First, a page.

This week I faced a lifelong fear and went scuba diving with PADI in Bermuda while at the Family Travel Association summit.
It was more challenging than running with the bulls (yes, seriously, I’m fleet of foot and I grew up around cattle – that test was built for me).
I was basically the last one in the boat during the shallow training on the basics. I couldn’t mouth-breathe without thinking about every inhale, so I was underoxygenated and panicked a lot. The instructor was effortlessly reassuring. After several misfires, he let me know I could back out and nobody would be bothered. He even told me he’d backed out before during a dive and it was often wise to trust your gut on these things. This is wisdom, I thought.
So I stood up out of the water and I looked around and had this moment: I’m in Bermuda, traveling the world for AirTreks, why do the hard thing when I could just be on the beach with a drink in hand? And then I realized that the fear and discomfort were minor things in a major moment. We have this saying in our house, “a small thing to a giant.” Courage is often about realizing inner strength, and we’re literally made of stellar material, so I like to think within me is a starload of cosmic force just waiting to become kinetic energy.
I decided this was about my mind, not about the activity or the breathing or the equipment. Who is in control of my mind if not me?
I leaned on all of the years of practice I’ve done on centering, calming myself, being present in working with the fears of others through my work in ending sexism, violence, racism and general xenophobia. And it worked.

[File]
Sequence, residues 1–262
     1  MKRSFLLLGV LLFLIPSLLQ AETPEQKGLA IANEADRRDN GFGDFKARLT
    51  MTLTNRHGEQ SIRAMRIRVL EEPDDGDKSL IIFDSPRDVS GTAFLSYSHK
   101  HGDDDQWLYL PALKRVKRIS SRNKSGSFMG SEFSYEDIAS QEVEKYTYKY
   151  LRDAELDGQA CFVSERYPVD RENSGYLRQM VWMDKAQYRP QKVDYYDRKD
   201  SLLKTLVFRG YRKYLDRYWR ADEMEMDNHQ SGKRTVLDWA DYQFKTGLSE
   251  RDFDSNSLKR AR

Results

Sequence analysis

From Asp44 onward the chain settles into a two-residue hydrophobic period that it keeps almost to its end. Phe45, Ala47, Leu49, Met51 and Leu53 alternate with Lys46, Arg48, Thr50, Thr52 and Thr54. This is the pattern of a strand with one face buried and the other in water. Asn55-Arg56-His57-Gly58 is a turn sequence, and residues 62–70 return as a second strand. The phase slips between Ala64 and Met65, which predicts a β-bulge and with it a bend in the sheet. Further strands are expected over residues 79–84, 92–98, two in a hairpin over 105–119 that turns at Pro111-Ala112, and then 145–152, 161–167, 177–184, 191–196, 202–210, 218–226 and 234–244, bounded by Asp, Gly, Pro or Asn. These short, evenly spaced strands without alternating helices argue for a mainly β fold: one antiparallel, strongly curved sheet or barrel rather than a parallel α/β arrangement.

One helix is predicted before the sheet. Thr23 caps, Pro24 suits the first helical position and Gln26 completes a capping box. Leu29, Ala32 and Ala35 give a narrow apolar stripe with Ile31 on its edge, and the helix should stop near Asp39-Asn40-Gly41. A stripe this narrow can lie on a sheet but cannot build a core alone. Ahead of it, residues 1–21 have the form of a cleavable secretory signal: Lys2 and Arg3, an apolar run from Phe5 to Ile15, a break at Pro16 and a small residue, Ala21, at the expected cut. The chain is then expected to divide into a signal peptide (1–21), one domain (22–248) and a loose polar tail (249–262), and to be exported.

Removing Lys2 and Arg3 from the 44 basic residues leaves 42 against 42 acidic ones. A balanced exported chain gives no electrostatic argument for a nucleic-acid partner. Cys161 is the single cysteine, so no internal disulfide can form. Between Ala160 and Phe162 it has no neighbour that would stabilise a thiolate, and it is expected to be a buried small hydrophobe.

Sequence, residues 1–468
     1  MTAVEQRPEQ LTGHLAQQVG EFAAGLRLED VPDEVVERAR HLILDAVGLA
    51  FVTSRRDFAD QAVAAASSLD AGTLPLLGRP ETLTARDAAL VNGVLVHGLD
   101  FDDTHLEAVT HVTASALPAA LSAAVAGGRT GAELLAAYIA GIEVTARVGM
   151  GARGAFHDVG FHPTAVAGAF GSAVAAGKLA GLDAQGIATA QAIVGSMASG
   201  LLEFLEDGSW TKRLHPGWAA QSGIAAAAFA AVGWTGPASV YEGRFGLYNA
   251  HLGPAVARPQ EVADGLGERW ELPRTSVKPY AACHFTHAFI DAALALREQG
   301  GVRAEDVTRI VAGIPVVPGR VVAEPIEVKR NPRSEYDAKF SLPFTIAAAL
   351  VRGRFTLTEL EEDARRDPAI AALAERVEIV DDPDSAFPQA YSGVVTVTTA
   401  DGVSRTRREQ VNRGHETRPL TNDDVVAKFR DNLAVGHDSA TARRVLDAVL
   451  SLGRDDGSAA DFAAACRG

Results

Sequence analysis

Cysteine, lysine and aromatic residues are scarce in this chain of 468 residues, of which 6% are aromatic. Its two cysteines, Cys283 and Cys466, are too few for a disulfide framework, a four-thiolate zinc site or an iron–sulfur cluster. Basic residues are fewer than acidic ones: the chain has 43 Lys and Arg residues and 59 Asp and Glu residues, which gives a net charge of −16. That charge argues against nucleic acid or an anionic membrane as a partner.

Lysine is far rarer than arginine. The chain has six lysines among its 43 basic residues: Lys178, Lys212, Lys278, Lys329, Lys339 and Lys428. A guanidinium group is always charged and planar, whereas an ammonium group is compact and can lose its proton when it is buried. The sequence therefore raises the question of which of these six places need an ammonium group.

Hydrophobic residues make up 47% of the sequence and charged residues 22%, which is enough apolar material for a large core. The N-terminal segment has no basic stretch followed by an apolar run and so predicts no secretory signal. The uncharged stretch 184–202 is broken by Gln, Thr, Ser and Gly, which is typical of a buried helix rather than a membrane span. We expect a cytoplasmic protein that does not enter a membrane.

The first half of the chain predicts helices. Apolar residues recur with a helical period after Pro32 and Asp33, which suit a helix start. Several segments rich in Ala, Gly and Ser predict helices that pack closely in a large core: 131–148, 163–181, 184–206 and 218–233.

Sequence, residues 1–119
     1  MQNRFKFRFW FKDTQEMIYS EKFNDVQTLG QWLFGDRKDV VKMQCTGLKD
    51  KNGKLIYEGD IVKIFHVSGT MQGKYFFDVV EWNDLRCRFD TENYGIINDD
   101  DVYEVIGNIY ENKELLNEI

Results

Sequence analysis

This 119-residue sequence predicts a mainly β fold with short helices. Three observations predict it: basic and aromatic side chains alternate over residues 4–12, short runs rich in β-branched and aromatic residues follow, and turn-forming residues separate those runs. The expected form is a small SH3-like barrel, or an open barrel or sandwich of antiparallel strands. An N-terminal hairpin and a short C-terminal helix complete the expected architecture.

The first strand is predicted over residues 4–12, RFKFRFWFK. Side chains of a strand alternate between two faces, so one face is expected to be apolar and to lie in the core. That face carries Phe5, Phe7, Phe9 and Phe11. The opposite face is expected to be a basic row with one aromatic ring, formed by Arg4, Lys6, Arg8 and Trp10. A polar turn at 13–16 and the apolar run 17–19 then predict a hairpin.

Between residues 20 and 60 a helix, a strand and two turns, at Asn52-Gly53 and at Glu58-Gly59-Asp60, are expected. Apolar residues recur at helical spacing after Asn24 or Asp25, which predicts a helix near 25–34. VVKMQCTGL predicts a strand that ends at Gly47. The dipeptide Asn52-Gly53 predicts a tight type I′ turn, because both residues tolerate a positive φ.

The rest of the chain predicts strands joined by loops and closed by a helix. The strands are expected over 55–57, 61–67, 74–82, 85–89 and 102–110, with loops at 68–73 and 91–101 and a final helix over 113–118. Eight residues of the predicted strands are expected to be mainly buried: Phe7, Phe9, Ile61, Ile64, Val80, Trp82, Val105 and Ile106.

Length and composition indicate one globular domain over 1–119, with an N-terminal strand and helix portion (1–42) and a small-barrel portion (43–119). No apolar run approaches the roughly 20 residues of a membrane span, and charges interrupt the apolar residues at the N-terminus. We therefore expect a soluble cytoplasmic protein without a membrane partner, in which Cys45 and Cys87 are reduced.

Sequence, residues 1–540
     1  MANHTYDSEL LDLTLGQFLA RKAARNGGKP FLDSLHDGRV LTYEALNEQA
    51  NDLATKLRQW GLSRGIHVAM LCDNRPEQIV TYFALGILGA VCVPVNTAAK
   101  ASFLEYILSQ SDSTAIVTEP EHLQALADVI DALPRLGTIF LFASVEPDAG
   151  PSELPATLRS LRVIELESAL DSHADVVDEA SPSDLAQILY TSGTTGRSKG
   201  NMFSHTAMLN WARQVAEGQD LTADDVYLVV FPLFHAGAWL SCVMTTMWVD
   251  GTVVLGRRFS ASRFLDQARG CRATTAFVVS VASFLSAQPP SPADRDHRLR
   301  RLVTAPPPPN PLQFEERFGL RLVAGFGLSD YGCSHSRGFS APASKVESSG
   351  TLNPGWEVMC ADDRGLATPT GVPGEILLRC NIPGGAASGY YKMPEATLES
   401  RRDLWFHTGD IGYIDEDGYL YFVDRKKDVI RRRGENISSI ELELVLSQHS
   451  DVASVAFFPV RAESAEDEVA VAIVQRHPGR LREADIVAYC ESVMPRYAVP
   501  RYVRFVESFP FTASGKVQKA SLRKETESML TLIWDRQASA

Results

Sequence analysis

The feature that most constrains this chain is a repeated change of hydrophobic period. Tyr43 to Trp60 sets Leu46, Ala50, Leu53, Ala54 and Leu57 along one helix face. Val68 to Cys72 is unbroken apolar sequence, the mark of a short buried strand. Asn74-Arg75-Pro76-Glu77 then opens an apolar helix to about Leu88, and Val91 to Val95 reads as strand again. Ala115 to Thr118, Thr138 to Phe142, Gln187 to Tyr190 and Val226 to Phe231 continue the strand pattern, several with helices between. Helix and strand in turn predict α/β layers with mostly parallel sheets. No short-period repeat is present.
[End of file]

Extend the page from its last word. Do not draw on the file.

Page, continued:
I descended the 25 feet down to an anchor, just keeping my eyes on the rope and my instructor. Once we reached the sand, I looked up and had a few moments of reptile-brain anxiety that were absolutely terrifying. There was nowhere to go if I choked. No back up plan, no way to fake it til I make it, no way out.
My instructor asked if I was ok (with hand signals), and I replied that I was so-so, but I pantomimed that I was working on steadying my breathing. After about 30 seconds of conscious, slow, optimistic breathing, I began to look around and let myself be distracted by a teeming coral reef and magnificent colors. Then I relaxed. How could I not?
I signaled the OK and we were off, swimming alongside a dynamic reef with marine life thriving in every inch. I realized that we were seeing the equivalent of old-growth forests underwater, many of these coral were hundreds of years old. Awe-inspiring in its own glory, I admit I was hoping to see maybe a mermaid or Jason Momoa swimming around, but in the end I was satisfied with myriad colorful fish and a handful of other human divers.
There’s a spectacular world just an O2 tank away.
Obviously I knew that, but I never really thought I’d go see it. I thought of the water line as a barrier. I let my fear dictate the safety of my place in the world. I’ve spent my life trying to break down xenophobia (through international travel and activism), and so scuba diving was just one more way to break down a barrier within myself and to allow other experiences into my bubble.
It may not seem like that big of a deal to those of you who have dove many times, but to me this was a moment that will leave an indelible mark on my mind. Like that first panoramic view from the summit of a mountain. Or that first feeling of the wind catching the sails out on the water. Or the sound of spring water tumbling over rocks as my grandfather’s fishing rod zings out over the mountain stream. I may never dive, or ski, or sail, or fish again… but these moments altered my perspective.
For you it may be galloping horseback, or that first take-off as a new pilot, or hitting that power chord in front of a crowd… whatever it is, I hope you’ll trust that inner stardust to empower you when the moment presents a barrier you’d never thought to test before.
There’s a whole world out there past your barriers. Go find it.